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Improving Carbon Nanotube Forest Consistency in the Lab

Mechanical engineering professor, graduate student automate chemical vapor deposition process with bench-top 'Robofurnace' 

 

Bench-top automation in the lab can reduce variation in carbon nanotube growth, as well as enable better production of other nanomaterials, according to a research report by a team who originated the work at the University of Michigan, and now reside at MIT.

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Video: Robofurnace operation speeded up. Courtesy Ryan Oliver, Mechanosynthesis Group

Visiting graduate student Ryan Oliver and Associate Professor of Mechanical Engineering  A. John Hart published their results in “Robofurnace: A semi-automated laboratory chemical vapor deposition system for high-throughput nanomaterial synthesis and process discovery” in the Review of Scientific Instruments in November 2013.The Robofurnace uses a boat system to hold samples and can simultaneously hold up to 10 boats. To use Robofurnace, the researcher loads the boats into the magazine and closes the door. After inputting a recipe list for each boat in the magazine, the researcher then initiates the automated process and Robofurnace performs safety and quality checks, runs the experiment according to the recipe and reports the results.

In typical manual bench-top CVD reactor growth of carbon nanotubes, Oliver says the reductions in variation can accelerate the research cycle. "Reducing the number of experiments necessary to draw a conclusion, that is where we hope for the advantage. If you can reduce the variation, you can perform fewer experiments and be more confident in the results when you do claim you improved the material." Robofurnace can handle 16 CVD experiments in 24 hours, bettering standard practice by at least four times. "All of these improvements mean we can answer more questions faster." Robofurnace demonstrated that controlling the experiment has benefits. A parametric study using Robofurnace boosted density of CNT forests grown in the Hart lab by at least 10 times over previously reported values in the same laboratory.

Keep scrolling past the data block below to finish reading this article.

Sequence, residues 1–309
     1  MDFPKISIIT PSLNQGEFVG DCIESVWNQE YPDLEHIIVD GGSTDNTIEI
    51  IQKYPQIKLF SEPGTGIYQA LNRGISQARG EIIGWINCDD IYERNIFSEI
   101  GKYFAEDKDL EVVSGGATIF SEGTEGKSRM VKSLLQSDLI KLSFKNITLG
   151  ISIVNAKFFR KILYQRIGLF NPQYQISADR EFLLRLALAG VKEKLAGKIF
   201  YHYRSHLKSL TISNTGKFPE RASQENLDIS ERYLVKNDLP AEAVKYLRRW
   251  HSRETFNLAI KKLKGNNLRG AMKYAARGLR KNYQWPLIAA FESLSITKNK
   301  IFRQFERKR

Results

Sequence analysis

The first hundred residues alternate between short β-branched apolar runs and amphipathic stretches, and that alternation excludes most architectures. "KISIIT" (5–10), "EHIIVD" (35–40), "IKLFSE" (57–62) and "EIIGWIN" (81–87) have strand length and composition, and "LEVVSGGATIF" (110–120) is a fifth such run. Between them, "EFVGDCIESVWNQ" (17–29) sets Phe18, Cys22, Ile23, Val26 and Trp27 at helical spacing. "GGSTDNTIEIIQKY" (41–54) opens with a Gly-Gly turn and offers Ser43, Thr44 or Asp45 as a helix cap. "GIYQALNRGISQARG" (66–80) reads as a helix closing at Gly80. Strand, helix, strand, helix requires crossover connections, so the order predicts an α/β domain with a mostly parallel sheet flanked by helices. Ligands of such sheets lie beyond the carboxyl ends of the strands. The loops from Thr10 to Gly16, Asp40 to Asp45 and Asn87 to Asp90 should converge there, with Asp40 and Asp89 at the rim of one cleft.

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Visiting graduate student Ryan Oliver with a microscope. Oliver's projects under Associate Professor of Mechanical Engineering A. John Hart include the Robofurnace,an automated system for making carbon nanotube forests and studying their growth, and high-throughput manufacturing of polymer microstructures for biosensing. Photo: Denis Paiste, Materials Processing Center

The Robofurnace article was chosen as an Editor’s pick in the Review of Scientific Instruments and was featured in Physics Today. The work was related to another group paper “Statistical Analysis of Variation in Laboratory Growth of Carbon Nanotube Forests and Recommendations for Improved Consistency,” published in ACS Nano in March 2013. “Something unique about both of these is in the carbon nanotube world everybody wants to get the tallest, the densest and biggest, but this has been kind of an elephant in the room, and I think that’s why it’s appreciated. This is a problem for everybody, and the solution comes via a methodological approach to understand the growth of carbon nanotube forests,” Oliver, whose background is in industrial engineering, says. He got his bachelor’s and master’s degrees in Industrial and  Manufacturing Systems Engineering from the 
University of Texas at Arlington and will finish his Ph.D. through the University of Michigan in August. "I'm very thankful to John for the opportunity to visit MIT and be a visiting scholar," Oliver says.

The Robofurnace project, which has its own website and Twitter feed, is being rebuilt at MIT with improved mechanics. Plans call for a new iteration of Robofurnace to be set up in the Mechanosynthesis labs at MIT by the end of April. Oliver expects to work with an undergrad on the project. “I think it will improve on  capabilities we lacked in the first round by simplifying the system, it will be more robust. I'm also quite excited to see the website grow and collect and share data from Robofurnace and others via Twitter,” Oliver explains. 

Hart credits Oliver for leadership of the Robofurnace project. “The complexity is in the integration of everything and making it into a functional, reliable system. Ryan built the vision for the system, and recruited a team of students to build the first prototype," Hart says.

Hart didn’t file for a patent on the Robofurnace. “I’d rather make it an open source set of hardware that people could build themselves,” he says.

– Written by Denis Paiste, Materials Processing Center

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